Bar Q and A #24

(a) Amelia is not administratively liable. There is no compelling state interest that justifies inhibiting free exercise of religious beliefs. The means used by the government to achieve its legitimate objective is not the least intrusive means

(b) Under the benevolent neutrality approach, the “wall of separation” is meant to protect the church from the State. It believes that with respect to governmental actions, accommodation of religion may be allowed, not to promote the government’s favored form of religion, but to allow individuals and groups to exercise their religion without hindrance. What is sought is not a declaration of unconstitutionality of the law but an exemption from its application (Estrada v. Escritor, A.M. No. P-02-1651, June 22, 2006)

NO, the military commander cannot compel the residents to transfer their places of abode without a court order. Under Section 6, Article III of the Constitution, a lawful order of the court is required before the liberty of abode and of changing the same can be impaired.

NO, the suit will not prosper. Section 6, Article III of the Constitution provides: "The liberty  of  abode and of changing the same within the limits prescribed by law shall not be impaired except upon lawful order of the court."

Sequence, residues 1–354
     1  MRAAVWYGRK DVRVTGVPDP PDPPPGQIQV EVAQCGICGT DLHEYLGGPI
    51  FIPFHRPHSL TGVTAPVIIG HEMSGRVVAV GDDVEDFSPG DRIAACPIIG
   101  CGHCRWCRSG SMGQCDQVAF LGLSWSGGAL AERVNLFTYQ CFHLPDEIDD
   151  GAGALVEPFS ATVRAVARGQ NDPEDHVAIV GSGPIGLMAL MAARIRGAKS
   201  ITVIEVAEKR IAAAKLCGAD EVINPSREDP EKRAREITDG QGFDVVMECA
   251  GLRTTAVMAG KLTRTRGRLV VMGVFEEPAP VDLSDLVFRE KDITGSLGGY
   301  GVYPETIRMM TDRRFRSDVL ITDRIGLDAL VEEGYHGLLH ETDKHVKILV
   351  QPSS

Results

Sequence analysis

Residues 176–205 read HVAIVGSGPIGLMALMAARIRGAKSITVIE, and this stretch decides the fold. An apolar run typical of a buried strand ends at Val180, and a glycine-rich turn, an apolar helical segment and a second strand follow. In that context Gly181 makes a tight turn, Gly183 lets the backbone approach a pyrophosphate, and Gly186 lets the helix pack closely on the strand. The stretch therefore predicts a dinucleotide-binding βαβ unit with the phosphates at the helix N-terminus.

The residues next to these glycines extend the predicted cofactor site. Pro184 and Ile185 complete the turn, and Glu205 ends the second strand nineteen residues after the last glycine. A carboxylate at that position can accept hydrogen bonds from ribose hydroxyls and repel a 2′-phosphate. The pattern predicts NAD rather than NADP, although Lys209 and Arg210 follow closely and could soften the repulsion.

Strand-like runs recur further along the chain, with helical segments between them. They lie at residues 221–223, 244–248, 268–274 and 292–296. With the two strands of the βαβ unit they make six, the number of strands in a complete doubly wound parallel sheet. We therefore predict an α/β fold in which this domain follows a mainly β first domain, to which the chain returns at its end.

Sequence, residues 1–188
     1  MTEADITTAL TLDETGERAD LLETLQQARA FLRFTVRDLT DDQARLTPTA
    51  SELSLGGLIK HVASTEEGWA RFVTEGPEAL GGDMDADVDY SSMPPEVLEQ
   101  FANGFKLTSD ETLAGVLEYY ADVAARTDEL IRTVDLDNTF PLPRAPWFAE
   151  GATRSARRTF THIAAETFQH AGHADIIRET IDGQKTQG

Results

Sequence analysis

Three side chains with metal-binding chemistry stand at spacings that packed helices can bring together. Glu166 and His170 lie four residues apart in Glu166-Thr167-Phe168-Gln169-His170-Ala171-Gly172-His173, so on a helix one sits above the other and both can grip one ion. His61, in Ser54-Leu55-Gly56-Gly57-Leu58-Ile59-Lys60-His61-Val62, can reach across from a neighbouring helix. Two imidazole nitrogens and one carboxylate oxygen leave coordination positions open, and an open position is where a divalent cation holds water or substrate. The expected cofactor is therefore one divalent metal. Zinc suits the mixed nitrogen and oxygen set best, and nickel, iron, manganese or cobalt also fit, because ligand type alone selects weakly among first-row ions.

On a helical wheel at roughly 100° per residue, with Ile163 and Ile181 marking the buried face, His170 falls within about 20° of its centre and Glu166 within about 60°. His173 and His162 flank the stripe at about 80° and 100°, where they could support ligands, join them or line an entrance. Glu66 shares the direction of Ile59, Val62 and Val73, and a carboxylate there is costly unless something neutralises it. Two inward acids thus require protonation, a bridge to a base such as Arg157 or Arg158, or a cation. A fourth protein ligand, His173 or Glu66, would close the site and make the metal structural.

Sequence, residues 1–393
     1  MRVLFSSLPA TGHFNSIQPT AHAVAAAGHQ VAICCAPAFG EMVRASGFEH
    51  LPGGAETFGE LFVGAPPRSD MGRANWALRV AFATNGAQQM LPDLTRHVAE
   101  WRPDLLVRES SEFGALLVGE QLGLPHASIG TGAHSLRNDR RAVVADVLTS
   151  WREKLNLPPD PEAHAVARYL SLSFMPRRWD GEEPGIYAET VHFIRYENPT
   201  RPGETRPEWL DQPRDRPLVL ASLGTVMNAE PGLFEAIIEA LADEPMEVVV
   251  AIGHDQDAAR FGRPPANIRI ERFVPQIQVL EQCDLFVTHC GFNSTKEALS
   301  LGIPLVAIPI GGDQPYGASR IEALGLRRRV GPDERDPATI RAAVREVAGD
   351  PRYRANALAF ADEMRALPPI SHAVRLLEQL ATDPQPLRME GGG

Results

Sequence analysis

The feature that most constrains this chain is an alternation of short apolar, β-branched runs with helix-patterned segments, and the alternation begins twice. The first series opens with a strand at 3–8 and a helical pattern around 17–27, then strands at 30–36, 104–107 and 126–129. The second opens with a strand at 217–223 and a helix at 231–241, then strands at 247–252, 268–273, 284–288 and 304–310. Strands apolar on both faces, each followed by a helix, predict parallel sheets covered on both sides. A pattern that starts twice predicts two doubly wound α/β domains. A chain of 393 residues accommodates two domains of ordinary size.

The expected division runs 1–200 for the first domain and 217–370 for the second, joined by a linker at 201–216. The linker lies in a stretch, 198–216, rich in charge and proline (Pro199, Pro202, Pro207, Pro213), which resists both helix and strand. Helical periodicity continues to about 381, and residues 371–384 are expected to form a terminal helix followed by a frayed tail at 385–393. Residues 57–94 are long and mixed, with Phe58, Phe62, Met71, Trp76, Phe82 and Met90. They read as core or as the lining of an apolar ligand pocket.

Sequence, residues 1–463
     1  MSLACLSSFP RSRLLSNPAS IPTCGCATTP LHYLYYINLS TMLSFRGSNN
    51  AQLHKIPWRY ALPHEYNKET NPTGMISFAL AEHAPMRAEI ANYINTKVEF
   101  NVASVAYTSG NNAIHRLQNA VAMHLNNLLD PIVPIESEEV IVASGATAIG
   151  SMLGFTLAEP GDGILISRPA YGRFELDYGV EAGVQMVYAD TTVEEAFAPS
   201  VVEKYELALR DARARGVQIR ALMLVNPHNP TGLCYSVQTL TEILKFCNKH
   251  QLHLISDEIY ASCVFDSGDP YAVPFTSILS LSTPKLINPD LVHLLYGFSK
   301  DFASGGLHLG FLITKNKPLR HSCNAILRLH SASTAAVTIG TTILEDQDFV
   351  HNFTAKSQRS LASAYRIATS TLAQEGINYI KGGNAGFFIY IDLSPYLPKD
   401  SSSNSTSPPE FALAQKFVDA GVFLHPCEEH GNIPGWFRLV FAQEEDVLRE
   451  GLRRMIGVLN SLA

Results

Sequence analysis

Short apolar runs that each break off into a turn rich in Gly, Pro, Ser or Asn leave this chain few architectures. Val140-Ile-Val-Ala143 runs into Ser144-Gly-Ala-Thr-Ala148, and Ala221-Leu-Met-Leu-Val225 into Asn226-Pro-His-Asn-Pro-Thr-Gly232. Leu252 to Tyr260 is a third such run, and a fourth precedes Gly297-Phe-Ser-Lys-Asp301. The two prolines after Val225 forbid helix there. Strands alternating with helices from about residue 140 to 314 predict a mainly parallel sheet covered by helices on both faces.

The liberty of abode is subject to the police power of the State. Requiring the segregation of lepers is a valid exercise of police power. In Lorenzo v. Director of Health, 50 Phil. 595, the Supreme Court held: "Judicial notice will be taken of the fact that leprosy is commonly believed to be an infectious disease tending to cause one afflicted with it to be shunned and excluded from society, and that compulsory segregation of lepers as a means of preventing the spread of the disease is supported by high scientific authority."

a.) The right to change abode and the right to travel are not The liberty of changing abode may be unpaired upon order of the court. The order of the Court of Appeals is lawful, because the purpose is to ensure that the accused will be available whenever his presence is required. He is not being prevented from changing his abode. He is merely being required to inform the Court of Appeals if he does (Yap v. CA, 358 SCRA 564)

b.) The liberty of abode and the right to travel are not The liberty of abode and of changing it can be imposed within the limits prescribed by law upon lawful order of the court. The right to travel may be unpaired in the interest of national security, public safety, or public health as may be provided by law (Section 6, Article III of the Constitution)